The New ROM Antics – building the ZX Spectrum 128
If you think Sinclair’s hardware was odd, you haven’t met the people
Opinion Following an unlikely series of events involving British Telecom, Prince Philip and a VTX-5000 modem, your teenage protagonist found himself at a drunken dinner party in 1984's West London. Across the table, excitingly, sat my boyhood hero Sir Clive Sinclair, and he seemed genuinely interested in what I had to say about the Sinclair QL, which was not thriving.
It turned out he was mostly trying to work out where he’d heard my voice recently. "I’ve got it!" he said. "You were the hacker on the news!" I had indeed been interviewed in silhouette on the news the week before regarding the unlikely events, and I admitted as much.
The week after, his secretary phoned me to see if I wanted a job at Sinclair Research Limited (SRL)’s London office. Clive never said so outright, but the understanding was that I’d hack Acorn to find out what it was up to, and so I was installed with an ICL OPD, a mutant QL/modem machine, and left alone. The idea was ludicrous, but just before it became too ludicrous to ignore the urgent call came from SRL in Cambridge for a Z80 assembler programmer for an urgent project. I’d already said at the dinner party that I’d taught myself Z80 on first a ZX81, then a Spectrum. I was already on the books, so up I went, trailing my OPD behind me.
The rush job was the UK launch of the ZX Spectrum 128, now known as the Toast Rack because of the lake heatsink bolted on the side. The first had already been launched in Spain. It had the extra RAM and the sound chip, but only the original Spectrum firmware. Good enough if you think of the Speccy as a mere games machine, and thus deemed probably good enough for the Spanish market, but SRL knew that it was a serious educational, even borderline business, computer. Reality was always optional.
An extended BASIC with a full-screen text editor for programming and full support for the new hardware was the least the UK market deserved. Which meant modifying the original ROM. Which first meant being able to rebuild that ROM from the source code. Which was a huge heap of mostly uncommented Z80 mnemonics living, somewhat bizarrely, on a VAX 11/750. I was given a seat, a VT-220 terminal, manuals for VMS and CP/M, and left to get on with it.
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If you were there at the time, you will remember that Sinclair was famous for delivering stuff late. There were many reasons for that, but running projects by throwing untested naive enthusiasts into a production environment without any sort of qualifying test exemplified the organization's management style. If SEL could be called organized or managed. Many very bright people fought nobly and well to establish corners of stability; many more very bright people were guided by their substantial skills filtered by their substantial egos.
I loved it all. I worked out how to make the VAX run CP/M, how to make the original source code work with the M80 CP/M assembler, and rebuilt the ROM as a saner set of modules with proper comments. I stole copiously from The Complete Spectrum ROM DIsassembly by Ian Logan and Frank O’Hara, a book from which I'd learned my Spectrum licks in the first place and without which the 128 would have arrived much much later.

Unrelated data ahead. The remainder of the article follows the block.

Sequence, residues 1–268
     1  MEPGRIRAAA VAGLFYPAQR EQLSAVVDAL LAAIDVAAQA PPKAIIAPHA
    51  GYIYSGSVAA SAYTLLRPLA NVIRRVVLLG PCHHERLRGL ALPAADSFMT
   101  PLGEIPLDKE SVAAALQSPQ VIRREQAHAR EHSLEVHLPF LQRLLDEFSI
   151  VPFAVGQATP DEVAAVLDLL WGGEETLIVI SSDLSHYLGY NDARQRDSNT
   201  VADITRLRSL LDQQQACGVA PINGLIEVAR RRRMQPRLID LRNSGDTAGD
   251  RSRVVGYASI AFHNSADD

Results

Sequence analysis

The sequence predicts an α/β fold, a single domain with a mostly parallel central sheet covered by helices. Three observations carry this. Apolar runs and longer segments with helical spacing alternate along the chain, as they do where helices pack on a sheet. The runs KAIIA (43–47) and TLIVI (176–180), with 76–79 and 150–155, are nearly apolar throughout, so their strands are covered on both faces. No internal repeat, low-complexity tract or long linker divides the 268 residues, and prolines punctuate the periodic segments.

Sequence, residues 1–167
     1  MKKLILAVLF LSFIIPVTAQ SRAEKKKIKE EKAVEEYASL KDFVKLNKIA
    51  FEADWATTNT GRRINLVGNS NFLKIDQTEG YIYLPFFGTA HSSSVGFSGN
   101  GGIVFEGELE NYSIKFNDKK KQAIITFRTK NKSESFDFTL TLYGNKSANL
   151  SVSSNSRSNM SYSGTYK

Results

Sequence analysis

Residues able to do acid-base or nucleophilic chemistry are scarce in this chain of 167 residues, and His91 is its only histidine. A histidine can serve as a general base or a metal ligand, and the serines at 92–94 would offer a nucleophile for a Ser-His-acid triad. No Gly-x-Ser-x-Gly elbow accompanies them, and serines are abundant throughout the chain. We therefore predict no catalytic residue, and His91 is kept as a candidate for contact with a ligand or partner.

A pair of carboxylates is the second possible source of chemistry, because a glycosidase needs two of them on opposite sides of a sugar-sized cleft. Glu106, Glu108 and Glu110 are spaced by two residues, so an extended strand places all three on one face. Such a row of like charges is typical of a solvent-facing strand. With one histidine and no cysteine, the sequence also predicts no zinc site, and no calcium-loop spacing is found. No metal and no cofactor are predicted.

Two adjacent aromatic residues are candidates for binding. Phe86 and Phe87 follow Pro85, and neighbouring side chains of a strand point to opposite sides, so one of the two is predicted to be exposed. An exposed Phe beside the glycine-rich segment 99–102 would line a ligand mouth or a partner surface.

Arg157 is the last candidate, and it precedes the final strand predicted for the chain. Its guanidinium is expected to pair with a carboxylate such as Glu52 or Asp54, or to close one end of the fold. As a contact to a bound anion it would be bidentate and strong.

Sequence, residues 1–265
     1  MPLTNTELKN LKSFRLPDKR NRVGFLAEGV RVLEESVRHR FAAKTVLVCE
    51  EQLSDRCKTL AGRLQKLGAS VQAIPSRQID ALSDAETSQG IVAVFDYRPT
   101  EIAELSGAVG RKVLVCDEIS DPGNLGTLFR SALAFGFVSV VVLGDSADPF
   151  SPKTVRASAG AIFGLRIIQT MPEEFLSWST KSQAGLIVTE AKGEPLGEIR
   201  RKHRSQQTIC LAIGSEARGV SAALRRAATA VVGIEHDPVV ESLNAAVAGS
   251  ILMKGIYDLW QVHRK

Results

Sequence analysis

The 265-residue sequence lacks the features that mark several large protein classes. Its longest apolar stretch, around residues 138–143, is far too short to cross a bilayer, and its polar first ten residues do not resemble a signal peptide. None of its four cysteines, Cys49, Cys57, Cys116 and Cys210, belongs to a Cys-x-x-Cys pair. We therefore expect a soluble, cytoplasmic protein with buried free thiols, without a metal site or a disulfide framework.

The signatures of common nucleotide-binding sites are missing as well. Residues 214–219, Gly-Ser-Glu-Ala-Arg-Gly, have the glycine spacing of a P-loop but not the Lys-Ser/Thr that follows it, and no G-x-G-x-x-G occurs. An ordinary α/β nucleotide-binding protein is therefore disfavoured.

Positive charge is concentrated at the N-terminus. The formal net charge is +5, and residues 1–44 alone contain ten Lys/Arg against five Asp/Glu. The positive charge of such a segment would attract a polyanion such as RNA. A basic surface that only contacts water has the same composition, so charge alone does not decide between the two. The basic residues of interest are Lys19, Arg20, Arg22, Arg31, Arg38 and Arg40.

Then it was on to writing the new code for the new ROM. I did a bunch of cosmetic and peripheral stuff – the most obvious of which was the menu system that comes up on power on. Almost vestigially useless, this was the subject of endless meetings as to what should go where and why. These exemplified SRL’s tribal structure, where the Hardies, the Softies (my tribe) and the Marketers battled for turf, inch by inch. You’ll notice two tribes missing: production, who had to make it all work, and the users, who decided whether to buy the stuff. Yeah, about that.
My one small spot of inconsequential pride was pointing out at one of the menu meetings that we could add the Spectrum rainbow flash to the menu title bar, if we were careful about attributes. The Hardies couldn’t find anything to complain about and the Marketers were actually enthusiastic. In it went. Every time you see that tiny splash of color, think of that rare moment where peace broke out. Every quirk in every retro box that you find lovely or mystifying is there because some long-forgotten member of an ancient team nipped a tiny twist of creativity out of an embattled process. Think of them from time to time.
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There are many stories from behind those particular 8-bit battle lines. The technicalities of testing dodgy software on dodgy hardware. Compatibility testing hundreds of 48k games on 128 prototypes. Eric the Wireman’s betting habits. Moving out of the Cambridge HQ to the out-of-town top secret Metalab as the money ran out. The dying days of the QL. Building the Pandora portable Spectrum prototype out of a Timex-Sinclair TS-2068 and modded Blade Runner tech. Yes, really.
Yet if I learned anything at Sinclair*, it’s to promise everything except a delivery date. Old habits die hard – but a recapped Spectrum goes on forever. ®
* I also learned that writing system software for a paged memory map and no MMU is as much fun as root canal work via nostril. Don’t ask.